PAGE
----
Calling all teachers, parents and students. It’s easy to learn the metric system — or, as it’s more formally called, the International System of Units (SI). Explore these top 10 tips for teaching the SI. Let’s begin the countdown with …
Integrating metric measurements into play activities is an easy way to motivate students to learn more, build self-confidence and transfer metric measurement skills to other situations. Games provide a low-risk opportunity to experience success applying metric measurements.
Teach the metric system without making any comparisons to non-SI measurements.
After students become proficient using the metric system and are comfortable applying SI measurements, they may encounter applications that require making mathematical conversions between SI and non-SI units.
Make the SI relevant. Let’s face it, measuring stuff is a practical life skill. Build an awareness of the multitude of measurements we need and use every day. Our ability to interpret measurement scales, magnitude and approximate quantities is essential. Without a doubt, SI knowledge, skills and abilities are critical for measurement science and science, technology, engineering and mathematics (STEM) career success.
Did you know that U.S. coins are designed to meet U.S. Mint metric coin design specifications? Each 5-cent U.S. nickel weighs 5 grams, and five rolls weigh about 1 kilogram.
Learning the SI should not be a one-time event. Students will encounter the SI as they progress through middle- and high-school science classes, so help prepare them by using the SI early in the formal education journey and year-round in your class.
Use hands-on measurement activities on a regular basis to build competence. Prioritizing metric measurements in your classroom increases student opportunities to practice and build skills.
Celebrating STEM-themed holidays is another way to highlight SI measurement applications. National Metric Week (in October) is all about metric measurements. Also near and dear to my measurement scientist heart are Weights and Measures Week (March 1-7, which commemorates President John Adams signing the first U.S. weights and measures legislation into law in 1799), World Metrology Day (May 20, which honors the signing of the Meter Convention in 1875), Mole Day (Oct. 23) and Mathematics and Statistics Awareness Month (April, #PowersofTen), to name a few.
Take a multidisciplinary approach when teaching the SI. SI measurements should not be isolated within the math and science curriculum. Addressing the topic of measurement across multiple disciplines emulates real-world applications and provides students with additional opportunities to learn in context and understand the impact measurements have on society.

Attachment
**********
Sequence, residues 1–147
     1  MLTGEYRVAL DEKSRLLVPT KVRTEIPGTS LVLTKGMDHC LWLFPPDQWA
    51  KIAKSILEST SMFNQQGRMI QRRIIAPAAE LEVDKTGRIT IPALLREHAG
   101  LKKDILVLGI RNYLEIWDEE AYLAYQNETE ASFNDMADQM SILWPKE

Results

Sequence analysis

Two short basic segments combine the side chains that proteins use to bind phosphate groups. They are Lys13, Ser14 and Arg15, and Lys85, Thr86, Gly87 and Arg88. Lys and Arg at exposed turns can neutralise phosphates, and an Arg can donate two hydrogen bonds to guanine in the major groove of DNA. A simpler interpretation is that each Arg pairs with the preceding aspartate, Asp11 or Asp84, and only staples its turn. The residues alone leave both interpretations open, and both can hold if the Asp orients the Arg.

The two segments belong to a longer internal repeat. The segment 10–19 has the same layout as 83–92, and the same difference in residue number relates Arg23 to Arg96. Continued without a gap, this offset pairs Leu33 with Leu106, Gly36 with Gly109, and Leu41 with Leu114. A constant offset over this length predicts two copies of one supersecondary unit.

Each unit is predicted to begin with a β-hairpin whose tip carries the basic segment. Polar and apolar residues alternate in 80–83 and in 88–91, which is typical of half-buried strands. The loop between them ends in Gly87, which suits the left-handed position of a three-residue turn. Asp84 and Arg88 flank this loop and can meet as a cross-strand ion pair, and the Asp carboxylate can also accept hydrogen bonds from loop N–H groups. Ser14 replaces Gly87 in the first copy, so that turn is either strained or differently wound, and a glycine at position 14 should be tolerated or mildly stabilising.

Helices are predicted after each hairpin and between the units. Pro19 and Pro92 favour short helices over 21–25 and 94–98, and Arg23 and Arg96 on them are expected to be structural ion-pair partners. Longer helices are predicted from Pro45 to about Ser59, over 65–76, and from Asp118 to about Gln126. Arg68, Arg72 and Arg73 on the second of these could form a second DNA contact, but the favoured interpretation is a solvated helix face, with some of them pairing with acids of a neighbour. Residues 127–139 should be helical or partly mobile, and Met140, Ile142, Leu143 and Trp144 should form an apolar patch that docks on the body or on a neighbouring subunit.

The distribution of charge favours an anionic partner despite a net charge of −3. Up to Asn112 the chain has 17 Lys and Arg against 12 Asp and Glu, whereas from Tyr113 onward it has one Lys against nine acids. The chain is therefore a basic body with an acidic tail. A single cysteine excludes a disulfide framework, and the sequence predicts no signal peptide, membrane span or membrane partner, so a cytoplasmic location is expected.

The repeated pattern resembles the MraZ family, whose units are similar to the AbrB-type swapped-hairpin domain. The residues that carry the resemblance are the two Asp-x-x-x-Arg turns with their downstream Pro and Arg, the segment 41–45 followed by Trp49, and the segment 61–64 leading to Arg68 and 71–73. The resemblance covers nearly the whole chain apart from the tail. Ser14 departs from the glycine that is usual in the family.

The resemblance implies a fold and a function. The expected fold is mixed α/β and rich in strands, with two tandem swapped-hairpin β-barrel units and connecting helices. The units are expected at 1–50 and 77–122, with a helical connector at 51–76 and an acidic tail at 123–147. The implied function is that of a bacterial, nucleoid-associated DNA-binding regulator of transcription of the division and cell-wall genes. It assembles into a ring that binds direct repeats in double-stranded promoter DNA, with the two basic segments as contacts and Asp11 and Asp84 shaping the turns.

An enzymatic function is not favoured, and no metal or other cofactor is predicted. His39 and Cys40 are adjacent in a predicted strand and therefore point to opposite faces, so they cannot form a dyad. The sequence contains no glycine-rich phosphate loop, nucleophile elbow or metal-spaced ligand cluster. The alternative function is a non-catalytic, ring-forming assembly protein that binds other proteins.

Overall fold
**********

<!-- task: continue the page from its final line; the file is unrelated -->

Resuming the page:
Bring the SI into classrooms at every opportunity, including during instruction in language arts, fine arts, social sciences, industrial arts, vocational technologies, consumer studies and physical fitness. For example, origami combines art, geometry and engineering while applying metric length, area and volume measurements. With a supply of 15 cm by 15 cm origami paper, build and combine modular sonobe units to construct larger shapes and structures.
Estimation is more than taking a guess! It’s a skill we use when it’s not important to find an exact measurement. The ability to interpret measurement scales and approximate a quantity helps us interpret the world around us. (Estimation skills are also valuable when developing a scientific hypothesis and evaluating if experimental data results are reasonable.)
How much? How far? How hot or cold? It’s important for students to gradually develop an intuitive feeling for the magnitude of commonly used metric units.
Measurement involves doing. Learning must be timed with an opportunity to immediately practice and reinforce a new measurement skill. Even more importantly, students benefit from the opportunity to make mistakes, then gain feedback, learn and grow from them.
Use a variety of classroom activities that allow students to make measurements independently and within teams. Practice increases the opportunity to work through challenges with multiple attempts and to adjust and overcome difficulties.
Measurement concepts are meaningfully established through hands-on activities. Application, not memorization, is the key to success! The SI is easy to learn when taught using metric tools.